AUTHOR:
Kim C.

DATE:
December 27, 2016

CATEGORIES:
Healthy Life

READING TIME:
2 minutes

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Treating and Avoiding Shin Splints

AUTHOR:
Kim C.

DATE:
December 27, 2016

CATEGORIES:
Healthy Life

READING TIME:
2 minutes

Shin splints are a common, painful injury. While shin splints cannot always be avoided, there are ways to treat them so the pain does not last as long and ways you can avoid this injury in the future.

Shin splints occur when excessive force causes the muscle, tendons, and connective tissue in the shin area (front of the lower leg, behind the tibia) to become inflamed. Running is a common cause, but any high-impact activity can cause shin splints. When performing high-impact activities that put excessive force on the lower leg – running, jumping, walking – it is important to use good form and wear proper footgear. Fitness professionals, physical therapists, sports medicine doctors, and podiatrists can assist you in these areas.

Shin splints can be treated by resting from high-impact activity, applying ice, and taking anti-inflammatory pain medication like ibuprofen. During rest time, you should focus on strengthening and stretching the muscles in your legs that support your shins, especially the lower leg:

  • Perform 10 to 15 repetitions of calf raises, working your way up to 3 sets of calf raises per day.
  • When that gets easy, add walking on your toes. Start with your toes pointed straight ahead and walk about 25 yards on your toes. Next, point your toes inward and walk 25 yards on your toes. Finish by pointing your toes outward and walking 25 yards on your toes. Do these exercises up to 3 times per day.
  • To strengthen the muscles in the front of the lower leg, walk on your heels with your toes lifted and follow the pattern listed above. Perform each set of walking on your heels exercises up to 3 times per day.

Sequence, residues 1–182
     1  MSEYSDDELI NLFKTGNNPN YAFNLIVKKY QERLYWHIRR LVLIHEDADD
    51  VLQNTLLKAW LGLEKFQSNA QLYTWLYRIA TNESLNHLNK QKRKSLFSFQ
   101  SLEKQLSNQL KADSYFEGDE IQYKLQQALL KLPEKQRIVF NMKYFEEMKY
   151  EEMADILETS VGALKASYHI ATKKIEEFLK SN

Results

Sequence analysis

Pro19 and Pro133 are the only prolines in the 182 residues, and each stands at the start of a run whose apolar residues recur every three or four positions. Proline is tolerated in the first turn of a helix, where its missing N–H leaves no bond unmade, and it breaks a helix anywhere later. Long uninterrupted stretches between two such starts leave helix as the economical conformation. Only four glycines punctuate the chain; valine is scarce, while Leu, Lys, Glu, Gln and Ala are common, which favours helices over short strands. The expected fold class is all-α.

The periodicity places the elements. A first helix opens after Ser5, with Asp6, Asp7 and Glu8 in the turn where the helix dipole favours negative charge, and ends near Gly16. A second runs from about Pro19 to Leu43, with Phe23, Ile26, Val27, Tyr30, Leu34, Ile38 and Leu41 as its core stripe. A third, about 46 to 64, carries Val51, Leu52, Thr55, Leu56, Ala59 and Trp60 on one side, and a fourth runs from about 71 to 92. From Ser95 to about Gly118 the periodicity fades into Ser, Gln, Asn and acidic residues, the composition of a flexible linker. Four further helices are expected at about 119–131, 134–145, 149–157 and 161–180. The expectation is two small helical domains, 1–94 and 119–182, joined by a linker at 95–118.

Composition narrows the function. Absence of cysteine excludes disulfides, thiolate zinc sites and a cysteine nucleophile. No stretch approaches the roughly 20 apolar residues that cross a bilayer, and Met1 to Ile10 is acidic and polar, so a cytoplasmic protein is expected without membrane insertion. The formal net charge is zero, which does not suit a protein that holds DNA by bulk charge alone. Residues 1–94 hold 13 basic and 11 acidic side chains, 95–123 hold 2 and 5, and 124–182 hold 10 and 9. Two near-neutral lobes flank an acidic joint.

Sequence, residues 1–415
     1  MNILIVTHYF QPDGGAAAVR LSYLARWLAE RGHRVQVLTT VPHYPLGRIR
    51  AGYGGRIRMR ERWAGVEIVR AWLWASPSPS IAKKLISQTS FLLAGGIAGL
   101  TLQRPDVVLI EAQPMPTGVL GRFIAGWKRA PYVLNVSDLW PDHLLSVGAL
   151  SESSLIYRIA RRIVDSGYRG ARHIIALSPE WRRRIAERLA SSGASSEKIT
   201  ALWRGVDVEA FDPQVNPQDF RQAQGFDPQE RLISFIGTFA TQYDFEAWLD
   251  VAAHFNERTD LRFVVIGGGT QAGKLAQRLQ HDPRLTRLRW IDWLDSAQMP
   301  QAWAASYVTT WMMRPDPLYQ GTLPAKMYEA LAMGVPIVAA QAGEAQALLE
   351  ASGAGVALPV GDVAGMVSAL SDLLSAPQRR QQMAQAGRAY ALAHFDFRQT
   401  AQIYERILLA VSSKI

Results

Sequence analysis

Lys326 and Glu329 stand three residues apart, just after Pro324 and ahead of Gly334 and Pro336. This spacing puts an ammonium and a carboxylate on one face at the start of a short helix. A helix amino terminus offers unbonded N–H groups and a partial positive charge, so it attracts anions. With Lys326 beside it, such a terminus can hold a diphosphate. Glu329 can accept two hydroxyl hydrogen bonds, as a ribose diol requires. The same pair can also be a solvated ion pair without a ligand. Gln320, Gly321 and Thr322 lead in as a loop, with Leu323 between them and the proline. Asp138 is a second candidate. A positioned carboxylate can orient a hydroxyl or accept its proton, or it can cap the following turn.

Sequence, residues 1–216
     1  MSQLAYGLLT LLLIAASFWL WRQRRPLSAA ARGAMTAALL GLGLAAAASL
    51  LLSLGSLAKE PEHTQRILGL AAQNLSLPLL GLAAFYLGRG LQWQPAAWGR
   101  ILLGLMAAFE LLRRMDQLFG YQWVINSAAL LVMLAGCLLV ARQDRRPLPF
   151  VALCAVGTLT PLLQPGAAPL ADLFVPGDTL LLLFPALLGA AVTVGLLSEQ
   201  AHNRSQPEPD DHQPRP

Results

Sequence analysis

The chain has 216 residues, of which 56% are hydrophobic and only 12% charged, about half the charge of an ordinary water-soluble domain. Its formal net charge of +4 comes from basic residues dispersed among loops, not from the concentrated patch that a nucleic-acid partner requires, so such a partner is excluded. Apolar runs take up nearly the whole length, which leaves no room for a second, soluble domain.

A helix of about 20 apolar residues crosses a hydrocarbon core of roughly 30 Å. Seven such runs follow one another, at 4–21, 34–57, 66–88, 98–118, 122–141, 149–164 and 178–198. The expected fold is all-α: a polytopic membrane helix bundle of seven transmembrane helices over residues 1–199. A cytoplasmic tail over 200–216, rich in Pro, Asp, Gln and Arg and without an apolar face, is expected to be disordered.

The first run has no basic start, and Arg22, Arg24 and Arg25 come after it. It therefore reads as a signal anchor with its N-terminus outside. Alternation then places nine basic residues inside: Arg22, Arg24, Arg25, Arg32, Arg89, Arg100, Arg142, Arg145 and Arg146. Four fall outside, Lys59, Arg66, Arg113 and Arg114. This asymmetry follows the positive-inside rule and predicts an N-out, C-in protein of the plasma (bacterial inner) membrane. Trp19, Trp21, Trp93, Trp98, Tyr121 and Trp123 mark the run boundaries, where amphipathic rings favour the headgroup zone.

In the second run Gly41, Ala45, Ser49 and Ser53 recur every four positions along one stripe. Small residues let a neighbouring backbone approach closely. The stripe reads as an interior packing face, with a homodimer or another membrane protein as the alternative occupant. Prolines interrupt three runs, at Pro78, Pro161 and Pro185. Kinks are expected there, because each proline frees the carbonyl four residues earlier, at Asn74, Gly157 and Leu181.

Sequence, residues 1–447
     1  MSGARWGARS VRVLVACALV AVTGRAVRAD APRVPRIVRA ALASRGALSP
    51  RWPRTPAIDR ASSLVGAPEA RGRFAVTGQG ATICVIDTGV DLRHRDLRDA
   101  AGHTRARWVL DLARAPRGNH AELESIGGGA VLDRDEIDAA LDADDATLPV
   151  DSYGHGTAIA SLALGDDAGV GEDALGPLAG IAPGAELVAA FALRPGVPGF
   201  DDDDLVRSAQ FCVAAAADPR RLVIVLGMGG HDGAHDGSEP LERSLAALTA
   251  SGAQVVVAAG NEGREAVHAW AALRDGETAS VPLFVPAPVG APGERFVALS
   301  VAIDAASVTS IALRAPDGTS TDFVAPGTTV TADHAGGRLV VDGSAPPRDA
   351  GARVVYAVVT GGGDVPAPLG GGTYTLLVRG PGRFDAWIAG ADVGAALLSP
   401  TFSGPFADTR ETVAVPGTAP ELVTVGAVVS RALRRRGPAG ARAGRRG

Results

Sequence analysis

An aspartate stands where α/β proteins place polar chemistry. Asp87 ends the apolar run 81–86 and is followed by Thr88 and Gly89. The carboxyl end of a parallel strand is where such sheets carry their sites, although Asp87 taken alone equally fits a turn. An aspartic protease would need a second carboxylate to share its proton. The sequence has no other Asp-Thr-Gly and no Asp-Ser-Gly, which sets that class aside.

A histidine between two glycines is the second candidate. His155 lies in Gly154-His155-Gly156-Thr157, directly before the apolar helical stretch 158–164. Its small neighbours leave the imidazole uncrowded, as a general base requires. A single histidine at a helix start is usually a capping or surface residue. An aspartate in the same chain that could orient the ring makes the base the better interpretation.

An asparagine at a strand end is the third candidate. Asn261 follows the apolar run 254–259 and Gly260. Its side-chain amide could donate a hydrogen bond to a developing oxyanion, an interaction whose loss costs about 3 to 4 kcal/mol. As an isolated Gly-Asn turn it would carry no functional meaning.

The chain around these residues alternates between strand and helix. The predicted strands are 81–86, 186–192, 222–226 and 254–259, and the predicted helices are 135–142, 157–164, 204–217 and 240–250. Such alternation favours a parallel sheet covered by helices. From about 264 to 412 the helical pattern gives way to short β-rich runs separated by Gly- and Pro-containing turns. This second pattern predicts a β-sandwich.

• Finally, stretch your calf muscles daily by putting the toes of one foot up on a wall, heel on the floor, and gently leaning in to the wall to feel the stretch in the calf. Hold this stretch for 30 to 45 seconds, and then repeat on the other foot. Do this up to 3 times per day.

While shin splints are painful, they are no reason to give up doing the activities you enjoy. To help avoid shin splints: wear proper footgear, use good form, and follow the exercises listed above to strengthen and stretch your lower legs. When shin splints do occur, treat them properly: rest, apply ice, and take anti-inflammatory pain medicine.

Note: If you experience shin pain that occurs after a fall or accident, if your shin is hot and swollen, or if you are in pain when you are sitting still, check with your doctor to make sure you do not have a more serious injury.

Reynolds and Reynolds is committed to wellness and helping employees develop healthy habits that make them more productive and engaged, both professionally and personally.

 


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Kim C.

Kim works as the Fitness Specialist at Reynolds Headquarters where she helps employees better understand the steps to developing a healthy lifestyle. She graduated from Hope College in Holland, Michigan, with a degree in Exercise Science and is an American Council on Exercise (ACE) certified group instructor and an American College of Sports Medicine (ACSM) certified personal trainer. Her passion is running, and she regularly participates in 5k runs in the Dayton area.